Here is another interesting question from the Oxford TEFL Online Diploma course I was involved with last month, this one from Clare Sheppard:

Hi Adrian,   Kelly says that after childhood our ability to adopt an unfamiliar set of sounds diminishes somewhat (p.4). Therefore I wonder whether it is best to teach pronunciation during early childhood. How would you approach teaching pronunciation to very young learners, and could the chart come into play at all with such a set of students?  Thanks!

Hi Clare,   I think it is always helpful to have pronunciation in circulation as an available focus of challenge, from the very start of the course at whatever age and throughout every lesson. Pron is the physical aspect of language. Without this physical connection the learning process can get stuck in our cognitive mind processes. Sure pron is easier at the younger age, but it is necessary all the time and for all ages, whether more difficult or not.  We must do what needs to be done, regardless of perceived difficulty, at any age and for any learner. Without the physical discipline of pronunciation the different parts of the language cannot hang together and support the learning of each other. Without pron the integrity of the language is eroded. If students are always practising pron as it comes up in the lesson that means they are all the time practising and whatever the language of the moment is. Whenever you practice pron you also rehearse vocab and grammar, so you practise pron kind of free of charge! And the bonus is that repeating is not really repetition, because though they might have the right words in the right order, the pron can always be challenged by immediate feedback from the teacher inviting the student to say it faster, slower, clearer, more connected, more expressive, containing stress, containing delight, clarifying word endings, more relaxed, and so on according to the different needs of each student. So the language is being practised while the pron is being challenged.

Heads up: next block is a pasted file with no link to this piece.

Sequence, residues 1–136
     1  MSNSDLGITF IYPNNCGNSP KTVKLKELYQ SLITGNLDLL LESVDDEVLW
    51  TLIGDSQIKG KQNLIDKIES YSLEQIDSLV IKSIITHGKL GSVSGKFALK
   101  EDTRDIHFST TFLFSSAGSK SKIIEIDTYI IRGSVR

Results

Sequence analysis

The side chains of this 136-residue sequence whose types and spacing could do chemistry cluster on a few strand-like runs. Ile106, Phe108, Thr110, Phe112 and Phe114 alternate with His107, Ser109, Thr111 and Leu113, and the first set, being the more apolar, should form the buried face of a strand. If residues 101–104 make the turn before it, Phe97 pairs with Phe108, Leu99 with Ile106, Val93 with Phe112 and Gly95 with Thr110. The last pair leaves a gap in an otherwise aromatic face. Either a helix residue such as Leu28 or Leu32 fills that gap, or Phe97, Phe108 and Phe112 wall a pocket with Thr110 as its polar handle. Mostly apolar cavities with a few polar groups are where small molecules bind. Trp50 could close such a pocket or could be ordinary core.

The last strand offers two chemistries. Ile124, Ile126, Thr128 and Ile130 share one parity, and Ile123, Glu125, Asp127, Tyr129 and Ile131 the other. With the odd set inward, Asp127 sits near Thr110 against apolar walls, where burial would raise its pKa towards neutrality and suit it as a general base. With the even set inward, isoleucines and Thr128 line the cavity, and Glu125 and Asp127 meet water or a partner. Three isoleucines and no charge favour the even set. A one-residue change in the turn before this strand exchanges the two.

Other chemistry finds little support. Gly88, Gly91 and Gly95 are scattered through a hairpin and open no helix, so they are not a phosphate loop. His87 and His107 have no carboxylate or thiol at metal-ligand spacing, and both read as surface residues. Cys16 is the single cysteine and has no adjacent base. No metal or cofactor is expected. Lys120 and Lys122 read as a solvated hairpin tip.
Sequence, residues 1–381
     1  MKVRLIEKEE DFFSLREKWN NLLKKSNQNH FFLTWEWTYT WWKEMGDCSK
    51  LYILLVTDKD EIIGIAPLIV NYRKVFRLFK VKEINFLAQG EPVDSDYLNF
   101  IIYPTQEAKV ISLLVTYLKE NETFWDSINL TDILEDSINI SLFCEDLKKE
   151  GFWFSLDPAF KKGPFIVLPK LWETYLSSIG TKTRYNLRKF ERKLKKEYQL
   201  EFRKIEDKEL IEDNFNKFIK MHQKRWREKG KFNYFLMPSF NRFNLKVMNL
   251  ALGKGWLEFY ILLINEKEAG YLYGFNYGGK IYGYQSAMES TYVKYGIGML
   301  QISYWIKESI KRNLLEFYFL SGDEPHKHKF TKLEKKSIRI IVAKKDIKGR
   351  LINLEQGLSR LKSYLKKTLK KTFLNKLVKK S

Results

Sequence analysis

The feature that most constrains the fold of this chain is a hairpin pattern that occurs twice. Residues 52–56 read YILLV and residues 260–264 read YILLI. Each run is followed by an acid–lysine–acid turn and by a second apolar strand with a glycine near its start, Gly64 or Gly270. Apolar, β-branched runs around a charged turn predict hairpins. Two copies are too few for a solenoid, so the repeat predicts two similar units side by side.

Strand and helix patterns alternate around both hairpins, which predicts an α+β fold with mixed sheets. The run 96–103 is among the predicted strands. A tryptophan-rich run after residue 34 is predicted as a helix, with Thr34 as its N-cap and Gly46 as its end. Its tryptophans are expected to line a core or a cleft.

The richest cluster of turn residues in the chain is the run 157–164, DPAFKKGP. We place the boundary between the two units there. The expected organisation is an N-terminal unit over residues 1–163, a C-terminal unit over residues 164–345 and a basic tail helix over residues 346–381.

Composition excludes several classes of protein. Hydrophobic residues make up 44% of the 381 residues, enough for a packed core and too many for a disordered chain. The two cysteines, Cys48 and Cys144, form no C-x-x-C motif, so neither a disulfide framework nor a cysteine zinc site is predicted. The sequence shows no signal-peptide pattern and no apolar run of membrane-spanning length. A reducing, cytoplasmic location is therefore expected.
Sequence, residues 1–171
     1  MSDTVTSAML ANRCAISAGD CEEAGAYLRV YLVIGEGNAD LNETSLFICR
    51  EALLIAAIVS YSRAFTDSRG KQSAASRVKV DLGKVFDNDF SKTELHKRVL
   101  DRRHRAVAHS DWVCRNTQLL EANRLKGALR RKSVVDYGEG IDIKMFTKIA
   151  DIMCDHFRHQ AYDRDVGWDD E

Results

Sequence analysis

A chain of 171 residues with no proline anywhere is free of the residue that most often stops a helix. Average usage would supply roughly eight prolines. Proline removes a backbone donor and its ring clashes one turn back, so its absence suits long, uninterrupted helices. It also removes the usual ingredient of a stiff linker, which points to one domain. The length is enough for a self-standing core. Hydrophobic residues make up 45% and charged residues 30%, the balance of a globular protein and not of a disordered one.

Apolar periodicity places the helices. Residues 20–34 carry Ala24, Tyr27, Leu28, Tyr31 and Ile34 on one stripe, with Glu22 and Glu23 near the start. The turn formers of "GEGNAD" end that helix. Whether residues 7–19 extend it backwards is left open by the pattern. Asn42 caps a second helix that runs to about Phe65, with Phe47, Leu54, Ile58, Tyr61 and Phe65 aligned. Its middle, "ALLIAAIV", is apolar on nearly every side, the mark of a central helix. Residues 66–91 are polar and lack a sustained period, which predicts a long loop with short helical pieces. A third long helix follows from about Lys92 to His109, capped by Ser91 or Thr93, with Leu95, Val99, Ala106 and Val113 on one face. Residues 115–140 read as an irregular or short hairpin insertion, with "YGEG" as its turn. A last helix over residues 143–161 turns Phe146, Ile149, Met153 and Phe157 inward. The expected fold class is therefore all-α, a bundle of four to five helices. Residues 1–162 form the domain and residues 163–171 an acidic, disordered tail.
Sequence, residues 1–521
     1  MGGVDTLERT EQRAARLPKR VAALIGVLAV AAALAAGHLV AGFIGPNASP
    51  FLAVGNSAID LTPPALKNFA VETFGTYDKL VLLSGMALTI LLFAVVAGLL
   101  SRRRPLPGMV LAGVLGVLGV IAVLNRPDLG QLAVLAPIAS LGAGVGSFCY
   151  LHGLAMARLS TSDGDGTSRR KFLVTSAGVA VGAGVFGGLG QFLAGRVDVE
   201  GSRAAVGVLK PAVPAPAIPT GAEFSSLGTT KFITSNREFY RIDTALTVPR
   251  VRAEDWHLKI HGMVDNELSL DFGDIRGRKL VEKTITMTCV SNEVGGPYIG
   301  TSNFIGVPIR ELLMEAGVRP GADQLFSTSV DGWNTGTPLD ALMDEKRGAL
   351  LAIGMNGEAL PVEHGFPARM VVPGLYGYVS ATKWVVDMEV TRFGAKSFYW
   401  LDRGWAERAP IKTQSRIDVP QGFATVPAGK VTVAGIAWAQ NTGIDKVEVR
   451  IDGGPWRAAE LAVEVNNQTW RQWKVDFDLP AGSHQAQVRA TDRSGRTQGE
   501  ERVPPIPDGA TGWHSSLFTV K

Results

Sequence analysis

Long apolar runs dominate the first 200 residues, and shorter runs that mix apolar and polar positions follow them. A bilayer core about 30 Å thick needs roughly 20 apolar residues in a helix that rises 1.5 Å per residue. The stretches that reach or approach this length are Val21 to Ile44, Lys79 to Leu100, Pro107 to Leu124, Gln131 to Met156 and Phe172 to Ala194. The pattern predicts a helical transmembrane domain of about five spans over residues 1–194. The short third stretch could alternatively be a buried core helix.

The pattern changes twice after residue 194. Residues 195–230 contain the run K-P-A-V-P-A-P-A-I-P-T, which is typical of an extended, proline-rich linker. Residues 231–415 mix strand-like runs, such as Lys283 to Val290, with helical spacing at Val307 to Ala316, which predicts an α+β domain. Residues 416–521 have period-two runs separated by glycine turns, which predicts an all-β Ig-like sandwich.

The chart is not something to teach. It is a help for the process of learning. The chart is to pron what the white board is to grammar and vocab. Use the chart with kids just the same. They love it. If you don’t have a chart arrange their shoes at the front of the room for the twelve vowels and gather round and practice, or distribute the twelve vowels to 12 pupils like this:

“So, who want to be /i:/ today?…. You? OK, So, who are you?”

“I’m /i:/”

“ OK, who’s she?”

“She’s /i:/”

“Yes, now, can you point to yourself on the chart?”

“Ok, so now, who’s going to be /u:/ today?”

…..and so on… and then:

“Ok here is the word me, what’s the vowel?”

“It’s /i:/….”

“Right, so, who is that?… ok stand up if you think it’s you….?”

……and so on….